12/762,007; 13/086,335; 13/445,723; 11/158,724; 11/877,591; 12/443,959; 12/522,379; 12/595,848;

12/601,101; 12/738,411; 12/504,597; 12/729,580; 13/384,216; 13/809,324; 14/131,878; 12/729,156;

12/729,603; 13/014,632; 13/090,525; 13/229,473; 13/340,472; 12/748,134; 14/122,862; 12/648,106;

14/238,677; 14/401,496; 14/402,839; 14/352,664; 14/437,097; 14/207,336; 14/278,367; 10/156,970 disclose other methods and apparatus for creating coatings. The disclosures of each of these applications are also incorporated by reference herein in their entireties. It is to be understood that the present invention may be utilized with the methods and apparatus disclosed in these further applications.

[0035] Although the foregoing description and appended drawings detail transfer rings in which stents or the like are mounted in a vertical fashion, it is contemplated to mount such devices in a horizontal or other fashion. For instance, it is envisioned that a transfer ring in accordance with the present invention may exhibit a ferris wheel-like configuration where the devices are mounted in a horizontal position on a rotating and electrostatically effective fixture. This transfer ring can then be moved among the different chambers. Likewise, although present application largely focuses on stents in general, it is noted that the present invention can be tailored for use with any type of substrate, medical or otherwise. For instance, it is contemplated to coat medical devices such as stents, balloons, stent-grafts, catheters, orthopedic implants, embolization coils, vascular filters and the like. Moreover, while stents are discussed generally herein, it is to be understood that such structures can include any type of stent, e.g., expandable, self expanding and/or bioabsorbable stent devices. Of course, depending upon the type of substrate being coated, the transfer rings discussed herein may need to be modified to properly hold such devices and present them for proper coating.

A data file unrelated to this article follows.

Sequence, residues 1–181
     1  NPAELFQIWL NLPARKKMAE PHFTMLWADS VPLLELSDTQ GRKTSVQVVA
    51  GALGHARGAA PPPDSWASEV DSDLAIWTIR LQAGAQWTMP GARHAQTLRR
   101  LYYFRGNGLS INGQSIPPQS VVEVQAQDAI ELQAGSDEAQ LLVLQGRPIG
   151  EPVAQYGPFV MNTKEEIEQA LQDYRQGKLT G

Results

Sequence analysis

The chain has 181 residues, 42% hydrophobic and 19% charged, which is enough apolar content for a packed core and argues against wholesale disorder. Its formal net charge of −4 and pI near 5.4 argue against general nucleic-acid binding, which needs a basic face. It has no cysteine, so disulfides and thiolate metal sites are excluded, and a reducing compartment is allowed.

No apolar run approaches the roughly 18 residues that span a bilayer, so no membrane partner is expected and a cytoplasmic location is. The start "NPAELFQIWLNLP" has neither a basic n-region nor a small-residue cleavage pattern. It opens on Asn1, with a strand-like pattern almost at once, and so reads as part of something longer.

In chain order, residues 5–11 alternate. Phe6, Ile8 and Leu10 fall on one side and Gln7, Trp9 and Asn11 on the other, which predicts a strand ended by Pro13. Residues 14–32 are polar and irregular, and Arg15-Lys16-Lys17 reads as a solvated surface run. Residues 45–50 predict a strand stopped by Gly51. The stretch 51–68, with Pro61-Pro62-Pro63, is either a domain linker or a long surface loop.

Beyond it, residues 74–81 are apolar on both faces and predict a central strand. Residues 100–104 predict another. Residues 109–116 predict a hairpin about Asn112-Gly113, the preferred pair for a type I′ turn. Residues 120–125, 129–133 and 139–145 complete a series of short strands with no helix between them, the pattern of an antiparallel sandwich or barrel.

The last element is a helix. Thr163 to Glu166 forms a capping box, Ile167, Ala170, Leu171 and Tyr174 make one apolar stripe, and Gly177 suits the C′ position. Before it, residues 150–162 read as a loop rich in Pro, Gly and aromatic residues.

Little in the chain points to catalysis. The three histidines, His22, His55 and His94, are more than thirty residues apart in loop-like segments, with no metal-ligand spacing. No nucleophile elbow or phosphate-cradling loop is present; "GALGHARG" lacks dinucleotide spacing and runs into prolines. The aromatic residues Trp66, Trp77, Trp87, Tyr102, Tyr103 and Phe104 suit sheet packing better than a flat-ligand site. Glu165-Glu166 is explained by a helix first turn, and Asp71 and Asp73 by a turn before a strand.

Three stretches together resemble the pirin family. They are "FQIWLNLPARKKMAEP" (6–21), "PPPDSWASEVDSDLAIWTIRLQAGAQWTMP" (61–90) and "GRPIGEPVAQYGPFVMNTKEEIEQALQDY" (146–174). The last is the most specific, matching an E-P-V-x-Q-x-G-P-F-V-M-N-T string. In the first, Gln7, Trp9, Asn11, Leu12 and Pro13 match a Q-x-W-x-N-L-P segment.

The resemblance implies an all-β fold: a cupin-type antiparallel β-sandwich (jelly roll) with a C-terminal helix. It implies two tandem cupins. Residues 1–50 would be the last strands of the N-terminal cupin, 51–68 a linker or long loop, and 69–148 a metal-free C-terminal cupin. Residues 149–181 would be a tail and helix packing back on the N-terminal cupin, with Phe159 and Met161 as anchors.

[0036] Although the invention herein has been described with reference to particular embodiments, it is to be understood that these embodiments are merely illustrative of the principles and applications of the present invention. It is therefore to be understood that numerous modifications may be made to the illustrative embodiments and that other arrangements may be devised without departing from the spirit and scope of the present invention as defined by the appended claims.